Khatami Holds an Olive Branch: Beginning of a Change in US-Iran Ties?
-Chintamani Mahapatra, Research Fellow, IDSA
In a rare Press conference on a Sunday on December 14, 1997, Iranian President Hojtasalam Sayyed Mohammad Khatami held out an olive branch to the United States--a "Great Satan" in the eyes of many Ayatollahs of Iran--and declared: "I would hope for a thoughtful dialogue with the American people and through this thoughtful dialogue we could get closer to peace, and security and tranquility...I hope the American politicians would understand their time better, understand the realities, and move forward."1
The Clinton Administration officials had been watching carefully since the May Iranian election, which led to the victory of a moderate leader, Khatami, for signs of a change in the new leadership's orientation and attitude towards the United States. The election of a moderate leader as the Iranian President and the defeat of a candidate, sponsored by the religious establishment, for the same post itself had generated hope in the Clinton Administration officials that Iran was inching forward towards a rapprochement with the West in general and the United States in particular.
While Khatami had not spoken much about his foreign policy agenda since he assumed office in August last, the United States had been sending feelers that it was ready for a dialogue with Tehran to break from about eighteen years of deadlock in the bilateral relationship. Such feelers were indicated in the participation of American and Iranian representatives in meetings and conferences aimed at resolving the continuing crisis in Afghanistan. Although the US State Department categorically denied reports in the Israeli Press that Iran and the US were involved in secret talks in a certain European location, spokesman James Foley admitted that representatives from both countries had engaged in multilateral discussions in New York to try to resolve conflicts between warring factions in Afghanistan and that the two sides might have participated in other international meetings too.2
Moreover, in the midst of the Tehran Conference of the Organisation of Islamic Countries (OIC), US officials were making conciliatory gestures towards Iran. James Foley reportedly stated that the United States had "no quarrel with the Iranian people" and was not seeking to change the nature of Iran's "fundamentalist Islamic government." President Bill Clinton and Secretary of State Madeleine Albright, on the other hand, had remarked that a dialogue could be possible with the new Iranian leadership headed by Khatami under the right circumstances.3
It was, however, not clear until Khatami spoke at the Press conference that Iran would express its desire for a dialogue with the United States. Only a week earlier, Ayatollah Ali Khamenei had made vituperative remarks against the US in his opening address to the OIC conference. Once Khatami expressed his desire for a dialogue, Clinton promptly replied: "I would like nothing better than to have a dialogue with Iran, as long as we can have an honest discussion of all the relevant issues" such as "sponsorship of terrorism, violent attacks on the Middle East peace process and acquisition of nuclear, chemical or biological weapons."4 Clinton also spoke of Iran as "a country with a great history" and said: "We are all of us discussing here how to proceed now. No decision has been made. But I have always said, from the beginning, that I thought it was tragic that the United States was separated from the people of Iran."5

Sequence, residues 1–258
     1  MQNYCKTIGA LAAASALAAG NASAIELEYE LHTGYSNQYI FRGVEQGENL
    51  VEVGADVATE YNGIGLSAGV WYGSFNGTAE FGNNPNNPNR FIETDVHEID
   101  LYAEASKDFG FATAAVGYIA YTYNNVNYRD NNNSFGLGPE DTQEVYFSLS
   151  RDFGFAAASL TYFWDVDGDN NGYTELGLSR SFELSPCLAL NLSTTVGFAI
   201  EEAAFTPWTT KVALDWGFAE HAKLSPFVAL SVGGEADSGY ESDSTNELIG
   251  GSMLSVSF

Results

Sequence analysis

By calling for "an honest dialogue" on the issues that concern the US, President Clinton was basically giving the outer line of the bargaining and soon he instructed his foreign policy advisors to review the country's Iran policy to find out opportunities for fresh relations. In fact, Khatami himself had given hints about the outer line of the bargaining from the Iranian perspective. He said that the United States had to change its overall attitude towards Iran and halt its accusations, including branding it as a state sponsoring terrorism, against Iran. He stressed that Iran, far from being a terrorist rogue state, was itself a victim of terrorism through the exiled Opposition Mujaheedin Khalq organisation which was recently included in the US State Department's black list of international terrorist groups. Moreover, he openly expressed his opinion against the current peace process in the Middle East on the ground that "it is not just."6
As far as Iran is concerned, Khatami has to gain the blessings of the religious establishment to go ahead with his plan to establish a channel of communication with Washington with a view to reorient its relations with the US. As of today, a voluble and influential constituency in Iran, which is deeply hostile to the US, is in existence. The reaction of these groups to the idea of a rapprochement with the US was reflected in some of the commentaries in the Iranian media. The Persian daily Jomhuri Eslami, for instance, commented: "America is still Iranian nation's number one enemy. America is not a in a superior position and cannot dictate (to) other nations what they should do and how they should choose their friends and foes. Put explicitly, there are no grounds for the improvement of relations with America, and Iranian authorities as a whole have a unified stand in confronting the all-out hostility of America towards Iran." Kayhan International, a newspaper that supports the hard-liners in Iran, including Ayatollah Ali Khamenei, commented: "...He (Clinton) should prove Washington's sincerity and seriousness by accepting Tehran's repeated demand that the US must release billions of dollars in assets which remain frozen in the US banks since about two decades." The Tehran Times remarked: "...it would not be out of place to remind the American officials that the ball is in reality in their court. In order to prepare the ground for reciprocal talks, the US must in the first instance stop its nonsensical accusations against Iran. As a sign of goodwill, the Clinton Administration should release Iran's frozen assets...It should also try to recognise the values of the Islamic Revolution instead of confronting Iran hopelessly."